“Most intellectual training focuses on analytical skills. Whether in literary criticism or scientific investigation, the academic mind is best at taking things apart. The complementary arts of integration are far less well developed.” ― Richard J. Borden
For the last 50+ years, global healthcare has emphasized infectious disease control and elimination in low and middle income countries. To stop the spread of HIV/AIDS, curtail malaria, or contain Zika, we became more adept at the logistics of emergency and specialized humanitarian response, deploying medical and human resources around the world. And yet the woman in labor in a rural town in India cannot be ensured a safe delivery, particularly if she needs a caesarean section. A man suffering from a heart attack in Zambia cannot be guaranteed that he will arrive to the hospital in time to get the stent that he needs to save his life.
There is growing concern that our eyes have been on healthcare “fires,” while procedures that individuals in developed countries take for granted, e.g., access to safe surgery, have been slowly smoldering with significantly less attention. Five billion people lack access to safe, affordable surgical and anesthesia care when needed. Why has such care been largely neglected? The lack of such care is not solely due to a lack of medical expertise. It is also due to inadequate transportation, power, water supply, equipment, financing, and information technology. These are not medical issues, but rather systems issues that require a fresh, integrative, and interdisciplinary view of these complexities. We argue that to solve these issues, we not only need fresh solutions, but new business models to fuel and spread those solutions.
Thus, the Schlesinger Fund for Global Healthcare Entrepreneurship at Babson College exists to (1) improve existing healthcare organizations & processes, (2) create new organizations and processes, and (3) improve how organizations keep all stakeholders healthy in partnership with other major organizations in the global health space. Our view of global healthcare entrepreneurship utilizes strategic, process-oriented, social, technological, and political lenses to meet these aims.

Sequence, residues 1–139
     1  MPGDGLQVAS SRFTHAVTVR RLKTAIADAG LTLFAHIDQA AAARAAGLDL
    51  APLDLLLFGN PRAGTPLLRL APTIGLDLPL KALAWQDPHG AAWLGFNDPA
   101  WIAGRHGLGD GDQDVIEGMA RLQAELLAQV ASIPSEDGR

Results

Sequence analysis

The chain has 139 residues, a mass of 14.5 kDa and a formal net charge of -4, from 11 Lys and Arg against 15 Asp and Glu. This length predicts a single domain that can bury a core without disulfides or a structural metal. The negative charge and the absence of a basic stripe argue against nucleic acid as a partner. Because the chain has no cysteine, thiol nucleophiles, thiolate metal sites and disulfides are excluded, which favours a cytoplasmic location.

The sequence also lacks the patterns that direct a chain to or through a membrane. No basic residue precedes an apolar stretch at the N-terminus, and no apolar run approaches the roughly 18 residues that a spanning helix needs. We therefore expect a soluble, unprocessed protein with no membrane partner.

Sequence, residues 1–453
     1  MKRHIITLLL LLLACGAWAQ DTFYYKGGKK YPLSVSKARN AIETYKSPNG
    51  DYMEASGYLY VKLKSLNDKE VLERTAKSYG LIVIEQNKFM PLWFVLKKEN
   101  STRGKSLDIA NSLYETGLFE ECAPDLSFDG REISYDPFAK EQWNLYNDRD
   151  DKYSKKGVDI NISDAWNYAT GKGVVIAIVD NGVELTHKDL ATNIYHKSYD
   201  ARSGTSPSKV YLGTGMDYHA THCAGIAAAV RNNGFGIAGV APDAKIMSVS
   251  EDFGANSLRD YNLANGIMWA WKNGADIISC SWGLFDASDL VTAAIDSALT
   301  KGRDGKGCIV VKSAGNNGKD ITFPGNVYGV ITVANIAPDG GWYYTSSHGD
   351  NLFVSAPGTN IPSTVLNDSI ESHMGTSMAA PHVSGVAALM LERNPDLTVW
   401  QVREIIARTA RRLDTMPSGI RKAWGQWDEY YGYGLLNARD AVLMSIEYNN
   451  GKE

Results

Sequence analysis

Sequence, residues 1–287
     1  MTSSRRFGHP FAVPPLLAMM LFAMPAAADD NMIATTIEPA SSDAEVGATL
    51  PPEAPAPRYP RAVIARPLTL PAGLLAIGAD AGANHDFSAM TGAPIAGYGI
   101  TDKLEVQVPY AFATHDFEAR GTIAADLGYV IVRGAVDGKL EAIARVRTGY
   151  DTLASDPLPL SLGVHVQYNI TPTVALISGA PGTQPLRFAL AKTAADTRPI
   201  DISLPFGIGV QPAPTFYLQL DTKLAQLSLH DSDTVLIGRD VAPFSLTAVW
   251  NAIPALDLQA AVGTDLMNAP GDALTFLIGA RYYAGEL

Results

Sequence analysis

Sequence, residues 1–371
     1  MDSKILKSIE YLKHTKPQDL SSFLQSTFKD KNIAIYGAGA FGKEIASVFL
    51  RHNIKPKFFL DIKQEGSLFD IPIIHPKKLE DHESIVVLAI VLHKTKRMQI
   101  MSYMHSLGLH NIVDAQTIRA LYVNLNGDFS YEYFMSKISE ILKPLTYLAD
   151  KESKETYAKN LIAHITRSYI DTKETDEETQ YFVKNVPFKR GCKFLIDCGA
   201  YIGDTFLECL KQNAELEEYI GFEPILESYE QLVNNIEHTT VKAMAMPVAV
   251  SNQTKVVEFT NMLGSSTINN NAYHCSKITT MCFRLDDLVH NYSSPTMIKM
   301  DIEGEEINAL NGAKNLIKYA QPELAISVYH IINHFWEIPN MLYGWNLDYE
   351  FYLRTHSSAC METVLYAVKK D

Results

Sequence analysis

Our upcoming Global Surgery Hack-A-Thon August 26-28, 2016 in partnership with CAMTech and Mbarara University of Science and Technology in Uganda puts our integrative view of problem-solving to the test. Our Babson business students will be working with medical professionals, engineers, and others to tackle a variety of global surgery issues. The most promising ideas will be incubated to become ventures that will ideally do business with Ugandan hospitals in the future. The partnership also furthers Babson’s commitment to Entrepreneurial Thought and Action® and SEERS, showcasing our act-learn-build framework and commitment to social and economic responsibility in a new global service setting.
There are three key concepts that our participants as well as other global health experts will leverage as they address major problems:
Opportunities at the Edges: Getting past our disciplinary boundaries in language and intent within 48 hours will be a challenge for the hack-a-thon teams. As design thinking teaches, empathizing with the end user, deep observation, and listening practices will help teams achieve mutual respect faster so that they can find the opportunities at the edges or intersections of their disciplines to create solutions that the world needs. “Opportunities at the edges” may also apply to looking right before a patient enters the surgical suite or immediately after surgery: what are the support systems around the actual surgery that may be improved to achieve better outcomes?
Delays Equals Denial: The team challenge proposed by Babson for the Hack-A-Thon asks teams to address the three delays that significantly impact accessibility and availability of surgical care as described in the Lancet Commission Report Global Surgery 2030: the delay in seeking care, the delay in reaching care, and the delay in receiving care. While these waits may seem inconsequential, such delays can actually result in a patient never getting the care that he/she needs. How can innovators address such delays in their product and service design?
Multiple Stakeholders, Multiple Perspectives: We must account for the perspectives of patients, providers, and payers. Not only will there be diverse views between these groups but also within these groups. For example, private payers (NGOs or private insurers) may have different views on a particular healthcare innovation than a governmental ministry of health. It is important for our participants to keep these different stakeholders’ perspectives in mind, particularly while pitching their final solutions and growing their businesses. But by working on cross-functional teams, the practice of holding potentially contradictory views simultaneously will be familiar to them and they can leverage this with future clients and investors.
So what happens when a doctor, an engineer, and an entrepreneur walk into a surgical suite in Mbarara, Uganda? Much more than would have ever happened had they walked in alone.